Commemorating Battle for Australia

On the first Wednesday in September, Australians come together for Battle of Australia Day, to honour the service and sacrifice of all those who served in defence of Australia in 1942 and helped contribute to the defeat of Japan during the Second World War. The following day at the ANZAC Memorial in Hyde Park, Australian soldiers killed in the country’s deadliest air disaster, on 7 September 1943, were also commemorated.

Photo courtesy Battle for Australia Association.

13 September 2023


MINISTER for Veterans David Harris laid a sprig of wattle, alongside members of the veteran community at the Cenotaph in Martin Place Sydney on the 81st anniversary of the Battle for Australia.


Prime Minister John Curtin used the term ‘Battle for Australia’ after the fall of Singapore on 15 February 1942. Soon after, Australia suffered direct Japanese attacks, including the bombing of Darwin, with many merchant and Navy ships sunk defending our shores.


Over 39,000 Australians died during the Second World War, most of them in the campaigns in Asia and the Pacific. Many more were wounded in action and approximately 22,000 Australians became prisoners of war.


During the Great War, the golden wattle was used as a symbol of unity on the home front, and this continued through the Second World War. The resilience of wattle, to withstand our nation’s harsh weather of droughts, winds and bushfires, represents the spirit of the Australian people and sprigs of wattle are laid as a tribute for the Battle of Australia commemoration.


Minister for Veterans, David Harris said, “The Second World War was the first time that our nation and our land was under attack.


“We come together to remember the efforts of our veterans who protected our nation. Who fought to defend our border, our mainland and throughout the Pacific to keep us safe.


“Their efforts, eighty-one years ago, contributed to the first defeat of Japanese forces on land in New Guinea, with the Battle of Milne Bay.


“Whilst the early years of the war focused on Europe, it was during 1942 that Australian forces drew on the spirit of the Anzacs to hold off and eventually overcome the Japanese along the Kokoda Track and other significant battles in New Guinea and throughout the Pacific.


“On the home front, we defended the attacks in Darwin and later in Sydney Harbour. All these efforts helped to win the war against Japan.


“It is these efforts and sacrifices that we remember today. Lest we forget.”


Immediate past President of the Battle for Australia Association in NSW, Colonel Davis Ross CSC (Ret’d) said, “Today we honour the service and sacrifice of our solders, sailors and air crew as well as all the efforts on the home front. We remember their contributions against the aggression of the Japanese forces, that led to a victory in the Battle for Australia.”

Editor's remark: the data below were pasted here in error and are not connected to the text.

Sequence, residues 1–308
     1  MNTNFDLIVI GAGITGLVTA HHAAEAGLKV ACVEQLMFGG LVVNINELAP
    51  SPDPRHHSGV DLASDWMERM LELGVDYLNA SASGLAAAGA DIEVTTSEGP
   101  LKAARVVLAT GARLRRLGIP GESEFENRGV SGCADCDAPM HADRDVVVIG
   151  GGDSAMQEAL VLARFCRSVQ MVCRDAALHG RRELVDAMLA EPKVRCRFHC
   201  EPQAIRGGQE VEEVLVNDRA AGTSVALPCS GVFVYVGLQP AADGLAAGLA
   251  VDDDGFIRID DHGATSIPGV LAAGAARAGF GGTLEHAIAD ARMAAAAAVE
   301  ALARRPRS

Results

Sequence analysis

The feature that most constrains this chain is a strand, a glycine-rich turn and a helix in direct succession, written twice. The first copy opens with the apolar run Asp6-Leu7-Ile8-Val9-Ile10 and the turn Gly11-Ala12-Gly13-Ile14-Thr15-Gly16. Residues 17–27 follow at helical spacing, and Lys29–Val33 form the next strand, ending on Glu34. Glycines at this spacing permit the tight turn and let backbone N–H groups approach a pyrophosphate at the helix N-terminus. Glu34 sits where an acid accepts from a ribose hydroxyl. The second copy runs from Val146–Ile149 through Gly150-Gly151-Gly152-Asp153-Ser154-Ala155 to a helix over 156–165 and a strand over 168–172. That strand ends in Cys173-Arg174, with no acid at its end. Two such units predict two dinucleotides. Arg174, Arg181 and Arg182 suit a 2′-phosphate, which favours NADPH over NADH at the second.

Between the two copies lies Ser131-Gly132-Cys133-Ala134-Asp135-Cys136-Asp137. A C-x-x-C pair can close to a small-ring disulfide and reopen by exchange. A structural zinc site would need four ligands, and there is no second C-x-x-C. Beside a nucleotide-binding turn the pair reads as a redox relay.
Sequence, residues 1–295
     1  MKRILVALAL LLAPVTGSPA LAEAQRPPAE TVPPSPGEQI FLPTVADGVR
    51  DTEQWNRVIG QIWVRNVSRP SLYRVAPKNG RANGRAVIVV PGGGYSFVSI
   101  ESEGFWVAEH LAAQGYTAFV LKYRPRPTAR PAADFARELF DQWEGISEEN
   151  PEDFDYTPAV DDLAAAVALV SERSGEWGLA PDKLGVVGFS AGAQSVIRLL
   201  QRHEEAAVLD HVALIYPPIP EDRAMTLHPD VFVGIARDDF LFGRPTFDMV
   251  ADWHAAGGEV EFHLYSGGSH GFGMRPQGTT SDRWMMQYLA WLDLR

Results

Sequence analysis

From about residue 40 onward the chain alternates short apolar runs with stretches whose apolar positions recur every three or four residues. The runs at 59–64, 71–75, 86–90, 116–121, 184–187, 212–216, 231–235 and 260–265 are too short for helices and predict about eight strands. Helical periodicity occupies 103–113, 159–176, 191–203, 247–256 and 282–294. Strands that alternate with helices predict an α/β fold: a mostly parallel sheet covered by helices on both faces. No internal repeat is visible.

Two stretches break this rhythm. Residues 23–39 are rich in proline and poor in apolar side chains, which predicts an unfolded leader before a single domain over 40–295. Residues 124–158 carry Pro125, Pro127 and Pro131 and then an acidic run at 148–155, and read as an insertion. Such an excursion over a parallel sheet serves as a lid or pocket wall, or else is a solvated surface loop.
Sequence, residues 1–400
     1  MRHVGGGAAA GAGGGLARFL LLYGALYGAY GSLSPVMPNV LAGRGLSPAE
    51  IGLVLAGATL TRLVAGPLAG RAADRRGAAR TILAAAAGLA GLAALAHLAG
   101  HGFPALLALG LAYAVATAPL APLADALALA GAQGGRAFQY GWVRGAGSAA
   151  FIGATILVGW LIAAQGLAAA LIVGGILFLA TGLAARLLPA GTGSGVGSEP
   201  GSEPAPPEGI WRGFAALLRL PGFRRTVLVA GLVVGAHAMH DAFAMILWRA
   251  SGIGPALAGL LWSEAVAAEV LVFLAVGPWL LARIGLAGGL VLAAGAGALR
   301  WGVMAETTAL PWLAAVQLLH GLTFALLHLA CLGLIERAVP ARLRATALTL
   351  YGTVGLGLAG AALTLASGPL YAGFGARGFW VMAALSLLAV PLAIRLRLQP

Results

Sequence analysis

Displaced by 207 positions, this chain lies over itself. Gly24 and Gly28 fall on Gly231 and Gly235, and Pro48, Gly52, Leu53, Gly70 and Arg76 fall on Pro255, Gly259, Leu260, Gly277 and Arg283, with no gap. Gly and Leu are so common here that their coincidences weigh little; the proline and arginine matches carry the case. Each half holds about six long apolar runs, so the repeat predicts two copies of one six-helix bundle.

The following day Australian soldiers killed in the country’s deadliest air disaster, on 7 September 1943, were also commemorated.


No Australian battalion suffered a greater loss than the 2/33rd Battalion did 80 years ago when, in a matter of seconds, it lost 60 men, killed or mortally injured, and another 90 injured as a result of the US Liberator B-24 Bomber crash in Port Moresby.


In pre-dawn darkness, the Liberator was taking off for a reconnaissance mission with 4 x 500lb bombs fitted as opposed to the carrying capacity of 12 bombs. For reasons unknown, the Liberator failed to gain sufficient height and hurtled towards the men on the ground in the convoy of trucks lining the airstrip. The bomber came crashing down, spilling forward a wave of burning aviation fuel engulfing the five lorries and causing catastrophic damage.


Survivors were sworn to secrecy and details of the crash were kept from the families of those who died to keep up morale during the Second World War.


Minister for Veterans David Harris attended the special commemoration service with members of the 2/33rd Australian Infantry Battalion AIF Association and the veteran community to lay a wreath in honour of all those who served, their families and loved ones.


Minister for Veterans, David Harris said, “We remember the members of the 2/33rd Battalion who sadly lost their lives 80 years ago in one of the darkest days of the Second World War.


“In the blink of an eye our nation lost 62 men, 60 soldiers of the 2/33rd Battalion as well as two Australian truck drivers.


“We pay tribute to the ultimate sacrifice they gave for their country, to keep us safe. We also remember the 11 airmen of the United States who also perished during the crash. Lest we forget.”


Mrs Yvonne Unitt, President of the 2/33rd Australian Infantry Battalion AIF Association also laid a wreath to honour the Association’s fallen comrades.


“The commemoration of the 80th Anniversary of the Liberator crash, Australia’s deadliest air disaster, marks another milestone in our Association’s important work of honouring and remembering not only the courage, service and sacrifice of our 2/33rd Battalion soldiers.


“Formed in August 1945, four days after the Americans dropped the atomic bomb on Hiroshima our Association’s work has become even more important because it is one of the few Second World War associations still in existence and has a strong support from the relatives of the 3,065 men who wore the battalion’s famous red and brown colour patches into battles in the Middle East, Papua New Guinea and Borneo.”

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